However, while the steering is nicely weighted and consistent in its responses, it doesn’t provide as much feel as some rivals do. The slightly imprecise gearchange means you might fluff a shift when trying to snatch a new cog in a hurry and, while the brakes give immense stopping power, you don’t get a great deal of feel at the pedal; they feel a touch grabby at low speeds, too. Don’t get us wrong, this is still a massively impressive and enjoyable car to drive; it’s just that the sensations you get from some of the controls aren’t quite as finessed as they might be.
That said, if you want a hot hatch that’s going to be easy to live with every day, the 308 GTI is it. It rides more comfortably than most of its rivals, dealing with bumps in an impressively unflustered way at all speeds, and it’s also very refined for a hot hatch.
Elsewhere, the GTI has many of the same virtues and weaknesses as the regular 308. On the plus side, practicality is good, with room for four adults and a big boot. The build quality also impresses, with posh-feeling materials and sturdy assembly.
On the not-so-positive side, the touch-screen system that gives access to most of the car’s functions is confusingly laid out, slow to react and has dated-looking graphics. The driving position – which requires you to look at your instruments over the steering wheel rather than through it – will be an acquired taste as well.
Should I get one?
That much depends on what you’re after. If you want the stealth-bomber type of hot hatch that doesn’t look or sound like much at first glance, but will then smoke more exotic machinery away from the lights, then the 308 fits the bill. It also works if you want a hot hatch that’s comfortable, civilised and easy to live with, but still has the ability to thrill when the opportunity presents itself. As a bonus, it’s also really well equipped and even fairly affordable to run by the standards of its peers.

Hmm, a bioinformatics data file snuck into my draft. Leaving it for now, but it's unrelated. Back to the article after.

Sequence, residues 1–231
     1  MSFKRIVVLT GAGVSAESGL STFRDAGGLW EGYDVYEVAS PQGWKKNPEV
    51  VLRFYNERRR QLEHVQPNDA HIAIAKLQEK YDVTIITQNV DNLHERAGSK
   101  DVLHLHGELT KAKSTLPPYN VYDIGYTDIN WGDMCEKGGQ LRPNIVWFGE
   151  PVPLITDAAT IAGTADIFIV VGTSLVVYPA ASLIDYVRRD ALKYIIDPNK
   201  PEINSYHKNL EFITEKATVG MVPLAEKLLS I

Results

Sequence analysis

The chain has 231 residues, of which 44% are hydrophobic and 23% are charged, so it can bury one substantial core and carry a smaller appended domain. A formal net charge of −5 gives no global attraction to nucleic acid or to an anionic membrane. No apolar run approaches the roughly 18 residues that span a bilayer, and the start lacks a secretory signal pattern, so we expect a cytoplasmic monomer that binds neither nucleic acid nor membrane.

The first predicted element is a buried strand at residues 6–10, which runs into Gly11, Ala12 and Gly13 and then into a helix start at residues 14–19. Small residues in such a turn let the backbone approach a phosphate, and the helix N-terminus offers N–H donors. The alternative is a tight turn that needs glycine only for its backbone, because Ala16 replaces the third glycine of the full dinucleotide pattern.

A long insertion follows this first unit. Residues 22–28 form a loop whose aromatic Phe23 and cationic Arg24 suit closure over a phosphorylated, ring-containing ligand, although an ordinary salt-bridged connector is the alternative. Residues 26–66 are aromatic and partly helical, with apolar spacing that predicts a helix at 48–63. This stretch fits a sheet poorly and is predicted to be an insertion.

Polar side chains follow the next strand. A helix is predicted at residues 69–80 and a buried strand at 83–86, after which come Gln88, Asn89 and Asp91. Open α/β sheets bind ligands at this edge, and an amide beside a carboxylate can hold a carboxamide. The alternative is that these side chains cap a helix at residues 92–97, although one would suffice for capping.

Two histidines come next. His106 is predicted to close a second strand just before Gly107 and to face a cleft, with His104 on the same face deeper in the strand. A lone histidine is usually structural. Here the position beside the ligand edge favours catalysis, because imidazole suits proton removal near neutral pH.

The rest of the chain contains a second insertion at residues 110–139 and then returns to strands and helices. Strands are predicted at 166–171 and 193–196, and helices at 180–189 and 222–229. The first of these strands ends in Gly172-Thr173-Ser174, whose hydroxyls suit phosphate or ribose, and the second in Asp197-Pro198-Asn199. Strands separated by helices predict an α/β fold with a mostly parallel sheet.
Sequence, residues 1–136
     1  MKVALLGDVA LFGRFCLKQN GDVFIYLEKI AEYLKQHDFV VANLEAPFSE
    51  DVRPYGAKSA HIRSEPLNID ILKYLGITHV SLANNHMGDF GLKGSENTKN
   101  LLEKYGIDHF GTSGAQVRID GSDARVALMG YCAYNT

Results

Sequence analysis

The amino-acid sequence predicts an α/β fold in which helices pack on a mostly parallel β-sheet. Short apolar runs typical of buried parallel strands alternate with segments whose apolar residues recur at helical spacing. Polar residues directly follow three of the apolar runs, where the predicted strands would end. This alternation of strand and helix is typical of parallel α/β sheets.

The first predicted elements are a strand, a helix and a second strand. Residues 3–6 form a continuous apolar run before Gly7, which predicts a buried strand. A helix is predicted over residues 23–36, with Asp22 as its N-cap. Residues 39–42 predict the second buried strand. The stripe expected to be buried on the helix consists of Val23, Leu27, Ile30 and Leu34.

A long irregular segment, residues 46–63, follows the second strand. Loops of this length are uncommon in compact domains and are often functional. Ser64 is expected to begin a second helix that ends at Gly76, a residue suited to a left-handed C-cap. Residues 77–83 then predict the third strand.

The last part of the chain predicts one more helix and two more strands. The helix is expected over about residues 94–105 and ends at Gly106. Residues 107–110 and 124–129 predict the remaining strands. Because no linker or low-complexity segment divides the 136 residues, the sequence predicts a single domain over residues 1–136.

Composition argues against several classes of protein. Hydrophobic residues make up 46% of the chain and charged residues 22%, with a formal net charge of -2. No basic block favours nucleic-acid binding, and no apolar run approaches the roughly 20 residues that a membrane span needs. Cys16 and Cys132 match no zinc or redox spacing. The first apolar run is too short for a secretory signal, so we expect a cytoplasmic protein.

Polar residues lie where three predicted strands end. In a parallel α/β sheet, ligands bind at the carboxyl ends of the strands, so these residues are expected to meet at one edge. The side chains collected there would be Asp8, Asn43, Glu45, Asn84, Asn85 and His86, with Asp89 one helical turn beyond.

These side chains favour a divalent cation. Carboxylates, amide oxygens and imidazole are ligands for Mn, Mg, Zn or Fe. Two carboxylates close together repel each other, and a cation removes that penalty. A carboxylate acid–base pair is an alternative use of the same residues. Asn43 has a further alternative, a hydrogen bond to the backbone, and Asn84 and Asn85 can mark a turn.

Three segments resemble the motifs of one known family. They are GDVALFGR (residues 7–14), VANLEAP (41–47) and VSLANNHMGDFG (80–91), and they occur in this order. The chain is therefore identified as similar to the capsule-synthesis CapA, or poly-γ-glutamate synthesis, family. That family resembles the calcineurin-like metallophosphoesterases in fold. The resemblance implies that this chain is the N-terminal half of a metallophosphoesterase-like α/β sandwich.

If, however, you’re after the more classic hot hatch experience – one that’s as hardcore as it can be in the way the car looks, goes, handles, rides and sounds – then there are other models available for similar money that’ll serve you better.
- Model: Peugeot 308 GTI By Peugeot Sport 270
- Price: £28,155
- Engine: 1.6-litre turbocharged petrol, six-speed manual
- Power/Torque: 266bhp/243lb ft
- 0-62mph: 6.0secs
- Top speed: 155mph (electronically limited)
- Economy: 47.0mpg
- CO2/BIK tax liability: 139g/km/22%
- Boot space: 470 – 1,309 litres
Honda Civic Type R
The new kid on the hot-hatch block is fast, frenetic and fantastic fun Renault Megane Trophy 275
One of the more hardcore offerings in the hot hatch market Volkswagen Golf GTI
One of the classier hot hatchbacks, but still great funFind a Peugeot 308 in our classifieds
Meet the Auto Trader team
Editor in chief
Jon cut his journalistic teeth at Autocar Magazine, and today, he's in charge of all of Auto Trader's editorial activity.
Andy has more than 25 years' experience as a motoring journalist, with titles like What Car? and Auto Express on his CV.
Road test editor
Ivan has been testing cars and writing reviews since 2000. There aren't many motors out there that he hasn't driven.
Video & image editor
May manages all of Auto Trader's editorial photo and video activity, along with our YouTube channel.
Pete has been in the motor industry for around 20 years, both as a journalist and as a development engineer for Jaguar.
Rachael has moved from the world of automotive business-to-business publishing to help manage and produce Auto Trader's content.